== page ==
I have been all my working life indebted to the Scandinavian nation. When
I was a very young man, I spent several years writing in collaboration with
a friend the first interpretation of the philosophy of the English poet Blake.
Blake was first a disciple of your great Swedenborg and then in violent revolt
and then half in revolt, half in discipleship. My friend and I were constantly
driven to Swedenborg for an interpretation of some obscure passage, for Blake
is always in his mystical writings extravagant, paradoxical, obscure. Yet
he has had upon the last forty years of English imaginative thought the influence
which Coleridge had upon the preceding forty; and he is always in his poetry,
often in his theories of painting, the interpreter or the antagonist of Swedenborg.
Of recent years I have gone to Swedenborg for his own sake, and when I received
your invitation to Stockholm, it was to his biography that I went for information.
Nor do I think that our Irish theatre could have ever come into existence
but for the theatre of Ibsen and Bjornson. And now you have conferred upon
me this great honour. Thirty years ago a number of Irish writers met together
in societies and began a remorseless criticism of the literature of their
country. It was their dream that by freeing it from provincialism they might
win for it European recognition. I owe much to those men, still more to those
who joined our movement a few years later, and when I return to Ireland these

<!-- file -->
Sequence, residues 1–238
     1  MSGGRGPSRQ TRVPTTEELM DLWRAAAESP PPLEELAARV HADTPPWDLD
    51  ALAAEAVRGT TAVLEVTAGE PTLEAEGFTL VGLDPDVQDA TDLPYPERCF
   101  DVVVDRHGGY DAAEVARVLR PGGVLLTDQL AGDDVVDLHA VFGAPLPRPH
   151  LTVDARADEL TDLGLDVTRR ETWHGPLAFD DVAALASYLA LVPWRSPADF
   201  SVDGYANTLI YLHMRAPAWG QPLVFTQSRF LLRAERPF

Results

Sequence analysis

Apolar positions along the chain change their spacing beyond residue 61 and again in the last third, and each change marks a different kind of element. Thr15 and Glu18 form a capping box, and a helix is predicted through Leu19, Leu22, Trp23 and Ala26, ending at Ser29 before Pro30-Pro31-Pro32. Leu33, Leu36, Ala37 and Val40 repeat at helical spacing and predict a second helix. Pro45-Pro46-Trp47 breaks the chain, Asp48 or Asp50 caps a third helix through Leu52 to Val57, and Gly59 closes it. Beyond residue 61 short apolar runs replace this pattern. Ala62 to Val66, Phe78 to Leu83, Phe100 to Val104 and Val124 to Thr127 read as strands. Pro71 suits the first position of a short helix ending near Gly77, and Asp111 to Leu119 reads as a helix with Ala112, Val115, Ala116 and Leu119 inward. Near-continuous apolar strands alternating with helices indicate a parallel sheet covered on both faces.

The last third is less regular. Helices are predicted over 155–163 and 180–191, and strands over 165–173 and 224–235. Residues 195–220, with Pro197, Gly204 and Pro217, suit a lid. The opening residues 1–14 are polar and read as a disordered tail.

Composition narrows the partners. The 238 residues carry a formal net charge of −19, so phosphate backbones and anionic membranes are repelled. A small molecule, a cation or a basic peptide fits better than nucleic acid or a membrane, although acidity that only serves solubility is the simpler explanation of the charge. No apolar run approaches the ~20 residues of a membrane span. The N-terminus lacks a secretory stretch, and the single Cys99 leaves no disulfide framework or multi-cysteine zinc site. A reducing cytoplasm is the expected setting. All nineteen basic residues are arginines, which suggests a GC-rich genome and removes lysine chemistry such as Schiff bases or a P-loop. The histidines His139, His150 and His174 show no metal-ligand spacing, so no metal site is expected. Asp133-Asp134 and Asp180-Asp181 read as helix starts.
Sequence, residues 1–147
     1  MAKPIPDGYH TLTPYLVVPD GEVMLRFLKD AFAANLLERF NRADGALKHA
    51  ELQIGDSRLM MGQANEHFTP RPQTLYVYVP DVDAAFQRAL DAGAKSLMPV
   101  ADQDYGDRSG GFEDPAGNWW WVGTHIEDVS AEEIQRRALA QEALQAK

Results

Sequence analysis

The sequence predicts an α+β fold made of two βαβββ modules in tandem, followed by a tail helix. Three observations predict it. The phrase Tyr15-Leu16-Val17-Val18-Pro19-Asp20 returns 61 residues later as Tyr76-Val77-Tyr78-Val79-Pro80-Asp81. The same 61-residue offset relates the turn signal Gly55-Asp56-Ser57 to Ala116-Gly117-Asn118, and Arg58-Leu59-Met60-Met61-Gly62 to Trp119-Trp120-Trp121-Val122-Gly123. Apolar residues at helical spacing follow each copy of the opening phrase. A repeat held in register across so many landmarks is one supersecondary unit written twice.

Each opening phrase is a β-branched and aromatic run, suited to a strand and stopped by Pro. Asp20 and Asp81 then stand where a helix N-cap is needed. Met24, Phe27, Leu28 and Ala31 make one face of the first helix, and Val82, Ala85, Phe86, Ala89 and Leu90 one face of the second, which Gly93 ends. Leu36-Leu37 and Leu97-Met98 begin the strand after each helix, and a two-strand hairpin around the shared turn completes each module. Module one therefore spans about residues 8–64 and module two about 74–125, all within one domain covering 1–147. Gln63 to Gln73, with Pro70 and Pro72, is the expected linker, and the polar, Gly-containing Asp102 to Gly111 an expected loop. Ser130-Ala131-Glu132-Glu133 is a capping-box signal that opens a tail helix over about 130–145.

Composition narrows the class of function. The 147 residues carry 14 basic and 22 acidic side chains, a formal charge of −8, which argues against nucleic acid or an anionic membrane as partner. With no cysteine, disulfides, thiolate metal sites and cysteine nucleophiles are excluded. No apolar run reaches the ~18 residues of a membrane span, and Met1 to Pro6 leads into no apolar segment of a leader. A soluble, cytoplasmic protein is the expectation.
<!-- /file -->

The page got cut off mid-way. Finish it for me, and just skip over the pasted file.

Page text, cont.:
men and women, now growing old like myself, will see in this great honour
a fulfilment of that dream. I in my heart know how little I might have deserved
it if they had never existed.
Prior to Mr. Yeats's acceptance, Einar Lönnberg, President of the Academy
of Sciences, addressed the Irish writer: «Mr.Yeats - A worthier tongue
than mine has already given us a review of your literary work. What more,
then, can I do on this occasion than express our admiration and thank you
for the beautiful visions you have revealed to us from the Emerald Isle? We
have delighted in listening to the tales of the fairies and elves, with which
you have made us acquainted. We have been especially charmed by your poem
about the little <silver trout>. In another of your poems you have
said: Time drops in decay <Like a candle burnt out>. It is true, but
we should be happy if this day would remain long in your memory, as it certainly
will in ours.»
From Nobel Lectures, Literature
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